Whose Number Should be Enshrined Next?
Photo Credit: Jim Rogash/Getty Images
Bobby Doerr, Joe Cronin, Johnny Pesky, Carl Yastrzemski, Ted Williams, Jim Rice, Carlton Fisk, David Ortiz, Pedro Martinez, and Jackie Robinson all have one thing in common: their numbers have been retired by the Boston Red Sox.
As one of the most storied franchises in all of sports, it’s no wonder why the Red Sox have had so many numbers retired in their 117 year lifetime. But even though 10 numbers will never be worn again by a member of the Red Sox, it is inevitable that there will be another number retired by the team in the future.
The question that’ll make for a good discussion the next few seasons is: Whose number will it be?
Just think of all of the instrumental players in recent history whose number has yet to be enshrined on the facade in right field at Fenway Park. The likes of Jason Varitek, Tim Wakefield, Roger Clemens, and Dwight Evans have yet to have their well-deserved ceremony during pregame festivities. But as far as who is the most deserving of being the next retiree, it should be Tim Wakefield.
Wakefield spent 17 seasons of his 19 with the Red Sox. A tenure that brought two World Series titles to the city in 2004 and in 2007. Even though Wakefield wasn’t on the World Series roster for the latter of the two, his 17-12 record helped pace the Red Sox to a 96-66 record in the regular season.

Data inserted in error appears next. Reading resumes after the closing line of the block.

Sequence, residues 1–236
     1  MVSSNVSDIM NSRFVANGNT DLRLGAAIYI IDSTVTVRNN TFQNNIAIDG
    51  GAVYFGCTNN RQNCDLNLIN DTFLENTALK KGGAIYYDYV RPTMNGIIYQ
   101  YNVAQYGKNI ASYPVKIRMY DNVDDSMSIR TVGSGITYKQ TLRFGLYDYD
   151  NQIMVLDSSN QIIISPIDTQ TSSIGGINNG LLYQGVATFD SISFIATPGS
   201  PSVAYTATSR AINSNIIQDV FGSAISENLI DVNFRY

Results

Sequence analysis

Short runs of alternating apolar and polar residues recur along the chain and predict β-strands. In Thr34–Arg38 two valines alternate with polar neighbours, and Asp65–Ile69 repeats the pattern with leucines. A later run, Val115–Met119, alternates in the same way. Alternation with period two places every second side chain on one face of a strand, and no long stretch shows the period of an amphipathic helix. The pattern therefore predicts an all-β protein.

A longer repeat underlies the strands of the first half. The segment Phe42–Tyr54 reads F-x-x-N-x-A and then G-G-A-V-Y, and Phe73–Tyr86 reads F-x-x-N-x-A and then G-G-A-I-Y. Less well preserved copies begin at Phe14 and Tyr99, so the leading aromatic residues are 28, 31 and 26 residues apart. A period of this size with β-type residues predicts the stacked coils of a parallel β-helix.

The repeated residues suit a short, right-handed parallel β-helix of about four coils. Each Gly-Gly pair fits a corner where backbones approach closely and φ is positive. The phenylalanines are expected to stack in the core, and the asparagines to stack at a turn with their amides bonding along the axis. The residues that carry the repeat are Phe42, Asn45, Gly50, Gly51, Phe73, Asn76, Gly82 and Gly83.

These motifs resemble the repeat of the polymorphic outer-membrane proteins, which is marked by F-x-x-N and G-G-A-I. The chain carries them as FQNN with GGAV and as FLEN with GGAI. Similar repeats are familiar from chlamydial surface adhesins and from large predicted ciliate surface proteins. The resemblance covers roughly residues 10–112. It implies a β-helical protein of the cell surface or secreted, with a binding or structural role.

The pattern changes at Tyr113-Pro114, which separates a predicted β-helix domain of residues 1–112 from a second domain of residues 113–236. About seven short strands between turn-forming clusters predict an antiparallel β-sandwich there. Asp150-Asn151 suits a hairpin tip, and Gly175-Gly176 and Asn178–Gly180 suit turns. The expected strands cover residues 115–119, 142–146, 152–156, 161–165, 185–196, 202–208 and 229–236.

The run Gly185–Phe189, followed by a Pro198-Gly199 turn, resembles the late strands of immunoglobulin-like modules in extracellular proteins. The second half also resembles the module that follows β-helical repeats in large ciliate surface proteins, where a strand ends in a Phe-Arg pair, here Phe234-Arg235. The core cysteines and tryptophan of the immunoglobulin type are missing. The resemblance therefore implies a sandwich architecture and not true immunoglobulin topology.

Wakefield won 186 games in Boston, which is absolutely unheard of for a guy who made a living throwing the ultimate feel pitch; the Knuckleball.
But the impact Wakefield left on the organization branches much further out from his successes on the field. He played just as important of a role in the community, particularly with the Jimmy Fund, which has been the number one charity for the Red Sox since 1953. Since his retirement, Wakefield has assumed the roles as Chairman of the Jimmy Fund, which was previously the title taken by former Red Sox infielder, Mike Andrews.
Wakefield was everything you could ever ask for as a Red Sox fan. He was the epitome of professional, and played the game with class. It’s just something that Red Sox fans aren’t accustomed to seeing from a handful of important players in recent memory.
While all of the aforementioned players are very deserving candidates, there is none more deserving than the man who donned No.49 for Boston.